Joe Biden sought to rally LGBTQ supporters at a Human Rights Campaign virtual event Thursday night, renewing his commitment to support the community if he defeats President Trump in the election.
“We’re facing multiple crises — an epidemic, recession, racial injustice, climate change, wildfires, an assault on LGBTQ rights, declining faith in a bright American future,” Biden said. “What’s the common thread? A president who makes things worse, not better, who brings chaos, not order, who sees violence and only fans the flames.”
Addressing the virtual “Unite for Equality Live!” event, which was a substitute for the Human Rights Campaign national dinner, Biden in remarks that lasted three minutes ticked off numerous ways he said Trump has harmed LGBTQ people.
“For four years Donald Trump has tried to rollback the protections for the LGBT community, denying transgender Americans a choice to serve our country, letting adoption agencies and homeless shelters and public services discriminate, turning a blind eye to the epidemic of violence transgender women of color,” Biden said. “Folks, the White House should never be source of opposition, or fear or oppression. It should be a source of hope and moral courage and unification.”
As president, Biden said he’d protect LGBTQ youth, expand access to health care, support LGBTQ workers, afford full rights to the transgender community, recommit to ending HIV/AIDS epidemic by 2025 and advance LGBTQ rights across the globe.
Alphonso David, president of the Human Rights Campaign, hosted the event and reflected on the recent death of Ruth Bader Ginsburg, saying she once told her his most important priority should be protecting the right to vote.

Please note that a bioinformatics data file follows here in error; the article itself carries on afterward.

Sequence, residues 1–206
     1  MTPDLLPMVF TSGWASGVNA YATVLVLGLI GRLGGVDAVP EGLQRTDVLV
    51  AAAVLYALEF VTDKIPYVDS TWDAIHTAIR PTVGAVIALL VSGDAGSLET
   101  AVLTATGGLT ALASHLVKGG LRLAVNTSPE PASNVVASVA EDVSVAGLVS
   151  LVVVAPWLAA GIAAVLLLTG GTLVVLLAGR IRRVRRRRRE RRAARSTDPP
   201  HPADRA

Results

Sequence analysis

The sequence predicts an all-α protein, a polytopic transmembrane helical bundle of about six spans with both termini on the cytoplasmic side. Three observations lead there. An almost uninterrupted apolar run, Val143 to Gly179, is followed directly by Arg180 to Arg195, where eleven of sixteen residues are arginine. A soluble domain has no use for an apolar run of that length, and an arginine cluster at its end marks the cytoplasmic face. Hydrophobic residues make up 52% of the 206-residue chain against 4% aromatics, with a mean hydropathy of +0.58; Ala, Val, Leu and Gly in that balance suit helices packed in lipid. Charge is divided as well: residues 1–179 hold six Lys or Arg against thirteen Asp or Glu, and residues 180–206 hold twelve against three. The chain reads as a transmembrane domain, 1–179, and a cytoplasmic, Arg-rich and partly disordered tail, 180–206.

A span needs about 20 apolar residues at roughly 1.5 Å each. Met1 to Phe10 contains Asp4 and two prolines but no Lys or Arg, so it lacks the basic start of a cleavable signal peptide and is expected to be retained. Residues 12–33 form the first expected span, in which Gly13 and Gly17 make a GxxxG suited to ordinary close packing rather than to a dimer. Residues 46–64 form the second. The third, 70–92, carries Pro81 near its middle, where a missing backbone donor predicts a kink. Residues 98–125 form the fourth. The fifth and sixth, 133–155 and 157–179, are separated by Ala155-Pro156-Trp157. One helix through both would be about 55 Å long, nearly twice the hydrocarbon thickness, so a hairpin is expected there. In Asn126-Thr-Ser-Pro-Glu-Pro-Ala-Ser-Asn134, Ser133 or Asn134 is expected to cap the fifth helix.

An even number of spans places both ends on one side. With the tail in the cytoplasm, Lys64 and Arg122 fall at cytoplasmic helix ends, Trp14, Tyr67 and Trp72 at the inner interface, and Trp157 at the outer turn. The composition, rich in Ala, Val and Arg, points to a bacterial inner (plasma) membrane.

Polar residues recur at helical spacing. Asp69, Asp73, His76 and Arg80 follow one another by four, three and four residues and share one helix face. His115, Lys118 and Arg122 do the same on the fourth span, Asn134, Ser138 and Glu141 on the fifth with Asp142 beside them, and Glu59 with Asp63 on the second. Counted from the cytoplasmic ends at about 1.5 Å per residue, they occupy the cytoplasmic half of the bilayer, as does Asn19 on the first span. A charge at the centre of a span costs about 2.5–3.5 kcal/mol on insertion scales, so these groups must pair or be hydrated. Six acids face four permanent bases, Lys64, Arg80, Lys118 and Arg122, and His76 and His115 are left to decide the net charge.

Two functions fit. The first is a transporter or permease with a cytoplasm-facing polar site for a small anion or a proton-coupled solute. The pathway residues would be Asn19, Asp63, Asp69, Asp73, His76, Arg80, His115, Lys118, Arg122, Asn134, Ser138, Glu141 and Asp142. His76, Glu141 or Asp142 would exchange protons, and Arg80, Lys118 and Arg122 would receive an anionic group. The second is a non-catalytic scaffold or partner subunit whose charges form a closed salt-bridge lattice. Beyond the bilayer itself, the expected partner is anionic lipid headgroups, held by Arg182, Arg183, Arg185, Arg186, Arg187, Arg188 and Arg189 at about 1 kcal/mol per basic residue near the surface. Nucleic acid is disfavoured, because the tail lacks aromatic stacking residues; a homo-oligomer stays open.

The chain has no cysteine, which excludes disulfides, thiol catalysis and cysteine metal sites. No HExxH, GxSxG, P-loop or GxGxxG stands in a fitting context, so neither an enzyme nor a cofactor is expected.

Shaming Senate Republicans for proceeding to confirm her replacement before the election, David said, Davie pointed to showing a majority of Americans want to hold off on the vote.
“There is no legitimacy to government when the will or the needs of the people are ignored know this,” David said. “We are fighting back with all of our partners, and if the Senate fails to listen to us we will not go away.”
Making a veiled threat, David continued, “We will hold every single one of them accountable, and ensure that our new Congress does everything it can to restore our government.”
In the wake of the recent announcement police officers involved in the killing of Breonna Taylor would face no charges, David called it “just another stinging reminder our lives depend on what we do now, more than ever before.”
Pete Buttigieg, who made waves as an openly gay presidential candidate, also made an appearance with his spouse Chasten Buttigieg, called for “turn[ing] the page on the chaos that defined this era.”
“We know there is an American majority right now prepared to support bold, important, progressive ideas,” Buttigieg said. “A majority that recognizes and embraces full and meaningful LGBTQ plus equality, that believes in science and in listening to experts and demands that this country, finally, live up to the truth that Black Lives Matter, including ending the epidemic of violence against black trans women in this country.”
Virginia State Del. Danica Roem (D-Prince William) also made an appearance, touting the LGBTQ victories in Virginia after Democrats claimed majorities in the state legislature, such as laws prohibiting anti-LGBTQ discrimination and allowing transgender people to update state IDs consistent with their gender identity.
“Not only did we make history by electing the first transgender legislator in American history, but y’all actually put me to work, especially as a member of the majority party this year, when we pass the Virginia Values Act — which HRC advocated for — as well as so many other pro LGBTQ bills this year,” Roem said.
At one point, the Human Rights Campaign recognized ongoing violence against transgender people, displaying on screen the 26 transgender people who were killed in 2020 alone.
Others who made an appearance at the event were transgender performer Shea Diamond; Sarah McBride, who’s on her way to become the first openly transgender state senator; soccer player Robbie Rogers; Yeardley Smith, the voice of Lisa Simpson; and actress Annette Bening, who has a transgender son.
This article originally appeared in the Washington Blade and is made available in partnership with the National LGBT Media Association.